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You spend the majority of your week focusing on what your boss wants. You don't get to see your family enough. You're stressed out about achieving somebody else's goals.
But it doesn't have to be that way. Becoming financially independent means answering to yourself and doing what YOU want to do. It means having time for the people and things you care about. And it's never too early (or late) to start. It's time to join the FI Movement.
Wouldn’t it be nice if you woke up tomorrow and didn’t have to worry about earning money ever again? That’s the end game of the financial independence (FI) movement.
While you probably won’t experience financial independence first thing tomorrow, you can achieve it in less time than you think by working hard and making smart money moves.
Once you learn 5 rules to help you achieve financial independence, you’ll see how simple and rewarding it will be to get started on your own FI journey.
What is Financial Independence?
The most common definition of financial independence within the FI community is the ability to live off of your assets without having to earn an income. To achieve this goal, most people aim to put away enough money to cover 25 times their annual expenses.
The 25 times annual expenses benchmark is based on the 4 percent rule of thumb. This rule states you should be able to safely withdraw 4 percent of your retirement portfolio in the first year of retirement. Then, you adjust that amount for inflation each year thereafter.
This protects you against the risk of running out of money during a 30 year early retirement.
But you also don’t have to quit earning money just because you’re financially independent. You can always keep working. Being financially independent just allows you to switch to a more fulfilling line of work.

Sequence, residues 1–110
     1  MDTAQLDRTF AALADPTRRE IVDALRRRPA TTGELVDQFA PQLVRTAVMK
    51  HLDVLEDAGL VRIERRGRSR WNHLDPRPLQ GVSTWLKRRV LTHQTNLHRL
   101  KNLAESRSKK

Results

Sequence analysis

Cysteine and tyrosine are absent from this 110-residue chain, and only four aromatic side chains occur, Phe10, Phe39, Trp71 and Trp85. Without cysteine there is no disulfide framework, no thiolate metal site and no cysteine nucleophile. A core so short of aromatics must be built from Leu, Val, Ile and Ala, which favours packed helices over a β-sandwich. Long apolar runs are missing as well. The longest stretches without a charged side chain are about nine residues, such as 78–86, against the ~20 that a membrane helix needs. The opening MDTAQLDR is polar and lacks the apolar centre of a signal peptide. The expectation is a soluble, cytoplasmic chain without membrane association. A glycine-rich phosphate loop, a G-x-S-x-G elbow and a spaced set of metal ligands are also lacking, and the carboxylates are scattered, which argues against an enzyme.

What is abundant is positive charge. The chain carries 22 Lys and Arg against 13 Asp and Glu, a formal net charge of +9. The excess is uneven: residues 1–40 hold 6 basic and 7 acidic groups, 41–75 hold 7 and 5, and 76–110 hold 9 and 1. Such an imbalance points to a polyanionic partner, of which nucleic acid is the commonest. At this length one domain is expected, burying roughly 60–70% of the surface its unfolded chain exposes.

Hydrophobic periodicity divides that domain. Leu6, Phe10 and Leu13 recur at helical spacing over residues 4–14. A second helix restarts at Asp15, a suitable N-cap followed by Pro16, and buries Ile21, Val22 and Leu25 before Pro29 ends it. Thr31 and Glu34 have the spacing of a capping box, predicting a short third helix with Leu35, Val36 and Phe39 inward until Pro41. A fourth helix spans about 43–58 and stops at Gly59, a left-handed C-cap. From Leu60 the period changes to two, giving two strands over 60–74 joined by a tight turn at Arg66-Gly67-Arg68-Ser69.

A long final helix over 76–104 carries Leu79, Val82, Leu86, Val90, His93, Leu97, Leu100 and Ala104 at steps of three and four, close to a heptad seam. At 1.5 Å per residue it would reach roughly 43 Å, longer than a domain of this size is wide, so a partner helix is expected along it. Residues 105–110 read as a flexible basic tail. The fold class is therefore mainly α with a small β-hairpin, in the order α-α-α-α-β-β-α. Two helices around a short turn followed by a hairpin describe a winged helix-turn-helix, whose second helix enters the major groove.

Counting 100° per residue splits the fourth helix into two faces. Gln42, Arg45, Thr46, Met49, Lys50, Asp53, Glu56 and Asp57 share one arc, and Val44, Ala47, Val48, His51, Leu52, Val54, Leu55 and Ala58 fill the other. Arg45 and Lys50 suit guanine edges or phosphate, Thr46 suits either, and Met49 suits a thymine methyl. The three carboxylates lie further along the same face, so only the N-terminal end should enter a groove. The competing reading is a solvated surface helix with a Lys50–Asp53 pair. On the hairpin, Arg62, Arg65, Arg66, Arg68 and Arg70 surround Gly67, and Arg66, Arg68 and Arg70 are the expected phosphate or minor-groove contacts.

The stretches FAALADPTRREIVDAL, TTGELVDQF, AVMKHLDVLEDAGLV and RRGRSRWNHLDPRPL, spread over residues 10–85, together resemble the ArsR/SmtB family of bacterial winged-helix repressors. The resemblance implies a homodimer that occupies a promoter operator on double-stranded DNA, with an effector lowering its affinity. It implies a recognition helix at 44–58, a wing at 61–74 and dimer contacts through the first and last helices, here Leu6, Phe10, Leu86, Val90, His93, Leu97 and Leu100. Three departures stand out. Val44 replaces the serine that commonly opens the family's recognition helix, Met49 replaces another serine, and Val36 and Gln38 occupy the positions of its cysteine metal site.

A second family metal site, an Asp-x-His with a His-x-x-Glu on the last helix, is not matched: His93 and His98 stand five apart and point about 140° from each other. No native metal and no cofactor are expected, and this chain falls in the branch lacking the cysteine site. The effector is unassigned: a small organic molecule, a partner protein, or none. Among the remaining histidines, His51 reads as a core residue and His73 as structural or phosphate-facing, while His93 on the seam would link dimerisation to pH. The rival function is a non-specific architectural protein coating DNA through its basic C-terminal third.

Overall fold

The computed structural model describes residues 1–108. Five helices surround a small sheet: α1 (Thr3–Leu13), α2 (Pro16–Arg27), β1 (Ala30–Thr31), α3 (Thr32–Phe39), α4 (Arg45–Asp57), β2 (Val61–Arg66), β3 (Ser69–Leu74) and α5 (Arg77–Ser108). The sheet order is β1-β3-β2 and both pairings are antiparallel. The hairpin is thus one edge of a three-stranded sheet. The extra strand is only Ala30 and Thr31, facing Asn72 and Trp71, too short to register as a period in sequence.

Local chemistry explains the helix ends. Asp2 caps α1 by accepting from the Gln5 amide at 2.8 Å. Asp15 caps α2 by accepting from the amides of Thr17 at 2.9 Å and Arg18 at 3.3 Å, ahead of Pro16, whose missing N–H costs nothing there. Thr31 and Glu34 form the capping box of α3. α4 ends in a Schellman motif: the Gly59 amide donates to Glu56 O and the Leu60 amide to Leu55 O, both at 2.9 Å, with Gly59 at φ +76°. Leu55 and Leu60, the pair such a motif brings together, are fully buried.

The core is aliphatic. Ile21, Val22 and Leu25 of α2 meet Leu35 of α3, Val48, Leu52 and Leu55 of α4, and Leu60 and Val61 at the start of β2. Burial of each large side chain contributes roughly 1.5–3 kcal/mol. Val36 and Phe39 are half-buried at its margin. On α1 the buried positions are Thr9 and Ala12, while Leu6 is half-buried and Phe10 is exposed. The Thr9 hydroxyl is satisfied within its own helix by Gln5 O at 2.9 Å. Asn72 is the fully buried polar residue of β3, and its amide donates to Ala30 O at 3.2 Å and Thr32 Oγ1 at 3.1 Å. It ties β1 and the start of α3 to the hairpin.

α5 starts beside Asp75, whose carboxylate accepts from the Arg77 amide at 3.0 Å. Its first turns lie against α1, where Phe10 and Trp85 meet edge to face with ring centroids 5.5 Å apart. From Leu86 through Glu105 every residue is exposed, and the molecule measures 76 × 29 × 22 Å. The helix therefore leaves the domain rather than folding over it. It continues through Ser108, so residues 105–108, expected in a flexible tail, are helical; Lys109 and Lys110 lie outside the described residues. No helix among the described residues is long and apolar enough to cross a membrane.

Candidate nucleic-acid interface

That means spending more time at home with your family and focusing on tasks that matter to you—not just your boss.
If financial independence sounds like the star you want to shoot for, here are 5 rules to follow to speed up your journey.
Rule 1: Focus on Your Savings Rate
Your savings rate is the most powerful tool you can use to achieve financial independence. While definitions vary from person to person, your savings rate is typically defined as the amount of money you save toward financial independence divided by your take-home pay.
The higher your savings rate is, the faster you can achieve financial independence.
Rule 2: Lower Your Living Expenses
Lowering your living expenses benefits you in 2 big ways.
First, it frees up money to save—increasing your savings rate.
Secondly, lower living expenses means that your nest egg needs to provide less income.
You will reach FI much sooner since you’ll have more money to save and you won’t need to save as much.
Take a close look at every single expense you have and evaluate the value you receive from it. If you’re paying more than the value you receive from an expense, find a cheaper option or cut the expense entirely. No expense is sacred. You can cut or replace any expense if you don’t receive enough value from it.